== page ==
Red Rock Indian Band’s Sara Kanutski sings How Far I’ll Go for the children at the Mazinaajim Children’s Foundation Dare to Dream Day on April 29 in Thunder Bay.

By Rick Garrick

THUNDER BAY—Red Rock Indian Band’s Sara Kanutski performed the song How Far I’ll Go, from the Disney film Moana, during the Mazinaajim Children’s Foundation Dare to Dream Day on April 29 in Thunder Bay.

“It went pretty good — the kids had fun,” says Kanutski, who won the Original Class category along with pianist Evelyn Davenport at the 2016 High School Idol competition in Thunder Bay. “And I had fun with all the kids and meeting them.”

Kanutski says her goal was to nourish the children’s brains and make them feel creative. The Dare to Dream Day was organized by the Mazinaajim Children’s Foundation, formerly known as Dilico Children’s Foundation, to raise funds to help meet their vision of a future where all children have the opportunity to achieve their dreams and grow and develop into healthy community members.

“Doing this today is really important to make sure that we encourage that,” Kanutski says. “I want them to follow their dreams and be who they are.”

Kanutski performed the song to kick off the Dance Party, which featured music selections by her father Ron Kanutski.

“The kids were having a lot of fun and they had a lot of energy,” Ron says. “We had a little race track up here for a little bit, but mostly it was hardcore dancing and they all seemed to have their favourite songs. The Trolls: [Original Motion Picture] Soundtrack was a big hit here today.”

Ron says the Dare to Dream Day was “totally successful.”

“Kids need opportunities and they need places to go out and just celebrate good life,” Ron says. “And the one thing that was really important as well to the children here celebrating good life, is that their parents and their grandparents were here with them as well. When you see the whole family together having a good time, that’s pretty amazing.”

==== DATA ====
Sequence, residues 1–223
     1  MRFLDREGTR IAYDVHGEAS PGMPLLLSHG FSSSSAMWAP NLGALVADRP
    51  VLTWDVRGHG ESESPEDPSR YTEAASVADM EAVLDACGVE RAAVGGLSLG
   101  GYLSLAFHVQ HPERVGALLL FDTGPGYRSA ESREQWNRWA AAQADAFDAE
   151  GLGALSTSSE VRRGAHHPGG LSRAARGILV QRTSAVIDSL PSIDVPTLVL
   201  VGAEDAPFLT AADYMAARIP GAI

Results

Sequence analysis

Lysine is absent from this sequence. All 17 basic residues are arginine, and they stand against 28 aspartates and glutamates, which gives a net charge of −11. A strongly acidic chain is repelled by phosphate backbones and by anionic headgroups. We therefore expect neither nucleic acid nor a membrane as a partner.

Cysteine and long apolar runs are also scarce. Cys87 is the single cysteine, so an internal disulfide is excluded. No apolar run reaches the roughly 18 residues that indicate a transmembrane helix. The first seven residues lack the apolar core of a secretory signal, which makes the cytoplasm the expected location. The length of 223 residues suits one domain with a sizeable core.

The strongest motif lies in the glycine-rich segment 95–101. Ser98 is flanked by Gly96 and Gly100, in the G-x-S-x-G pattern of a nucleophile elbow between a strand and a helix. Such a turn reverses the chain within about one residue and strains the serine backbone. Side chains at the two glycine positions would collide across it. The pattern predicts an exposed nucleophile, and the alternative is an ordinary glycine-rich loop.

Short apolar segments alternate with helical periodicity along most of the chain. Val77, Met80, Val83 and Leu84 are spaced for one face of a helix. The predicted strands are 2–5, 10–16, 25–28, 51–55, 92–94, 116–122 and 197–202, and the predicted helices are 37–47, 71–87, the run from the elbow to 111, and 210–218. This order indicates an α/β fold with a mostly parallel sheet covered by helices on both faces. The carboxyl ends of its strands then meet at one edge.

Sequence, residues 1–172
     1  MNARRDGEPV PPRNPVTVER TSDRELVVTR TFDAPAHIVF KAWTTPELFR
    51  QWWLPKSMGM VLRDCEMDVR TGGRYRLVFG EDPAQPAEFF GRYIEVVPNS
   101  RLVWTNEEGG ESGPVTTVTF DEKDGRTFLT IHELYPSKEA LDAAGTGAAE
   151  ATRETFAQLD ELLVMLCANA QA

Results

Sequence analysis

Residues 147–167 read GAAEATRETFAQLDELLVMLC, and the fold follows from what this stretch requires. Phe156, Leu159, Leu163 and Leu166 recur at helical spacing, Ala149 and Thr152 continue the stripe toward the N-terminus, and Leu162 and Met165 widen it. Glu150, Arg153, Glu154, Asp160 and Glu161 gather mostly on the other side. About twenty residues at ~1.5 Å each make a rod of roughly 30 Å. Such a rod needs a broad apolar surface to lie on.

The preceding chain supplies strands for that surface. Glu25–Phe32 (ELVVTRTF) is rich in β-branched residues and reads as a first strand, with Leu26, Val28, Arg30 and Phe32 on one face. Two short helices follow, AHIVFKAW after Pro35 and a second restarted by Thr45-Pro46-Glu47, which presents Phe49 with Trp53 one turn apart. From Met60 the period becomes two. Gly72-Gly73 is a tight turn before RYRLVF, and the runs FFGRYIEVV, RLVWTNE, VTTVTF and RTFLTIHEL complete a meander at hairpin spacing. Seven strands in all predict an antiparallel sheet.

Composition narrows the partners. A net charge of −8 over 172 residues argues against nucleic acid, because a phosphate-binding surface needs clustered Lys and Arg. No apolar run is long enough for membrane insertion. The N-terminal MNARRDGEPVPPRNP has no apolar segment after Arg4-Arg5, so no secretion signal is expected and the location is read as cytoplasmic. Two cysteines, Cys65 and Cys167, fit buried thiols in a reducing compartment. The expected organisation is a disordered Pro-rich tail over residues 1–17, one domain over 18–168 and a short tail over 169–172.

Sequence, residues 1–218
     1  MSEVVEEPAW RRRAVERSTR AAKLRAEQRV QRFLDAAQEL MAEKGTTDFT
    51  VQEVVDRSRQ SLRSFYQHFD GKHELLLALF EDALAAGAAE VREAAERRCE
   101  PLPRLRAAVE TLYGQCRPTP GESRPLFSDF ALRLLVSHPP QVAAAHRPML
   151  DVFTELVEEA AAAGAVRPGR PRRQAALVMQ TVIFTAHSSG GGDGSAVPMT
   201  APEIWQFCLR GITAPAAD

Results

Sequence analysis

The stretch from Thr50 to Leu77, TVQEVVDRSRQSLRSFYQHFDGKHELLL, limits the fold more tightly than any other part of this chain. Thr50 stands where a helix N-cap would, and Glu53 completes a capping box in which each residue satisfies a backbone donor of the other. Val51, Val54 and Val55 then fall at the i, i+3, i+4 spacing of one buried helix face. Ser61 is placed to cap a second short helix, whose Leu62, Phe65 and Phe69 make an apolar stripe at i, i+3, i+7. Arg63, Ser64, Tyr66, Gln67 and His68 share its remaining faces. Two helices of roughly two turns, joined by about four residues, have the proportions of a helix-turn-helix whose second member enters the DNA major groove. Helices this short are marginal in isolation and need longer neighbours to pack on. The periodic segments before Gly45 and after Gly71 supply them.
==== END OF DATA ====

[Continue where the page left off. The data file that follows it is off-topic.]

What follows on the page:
The Dare to Dream Day also featured a variety of activity stations for the children, including: hair, make-up, nail, crafts, face-painting, candy buffet, and photo booth stations.

“It’s very enjoyable — it’s nice to see so many people out,” says Red Rock Indian Band’s Judy Wawia, who brought her two granddaughters and her friend and her granddaughter to the Dare to Dream Day. “And the kids are having fun.”

Wawia says the Dare to Dream Day lets the children know that their dreams can come true.

“Keep on dreaming, never give up no matter what,” Wawia says. “We all lived through hard times and seeing the kids enjoy themselves is good.”

Tana-Leigh Harty, president of Mazinaajim Children’s Foundation Board of Directors, says the Dare to Dream Day was “a huge success.”

“The smile on the kids’ faces, the parents giving us a pat on the back, I think we raised some well-needed funds for the local community and in the north,” Harty says. “The kids had a blast today — they got to see their superheroes, meet their princesses. It was a true event to be proud of by the board and the people who attended.”

In addition to the activity stations, a group of volunteers in hero and princess costumes met the children as they entered the room.

“Some parents got their face painted as well,” Harty says. “They were in the photo booth — it was the biggest lineup. It was just a huge success overall.”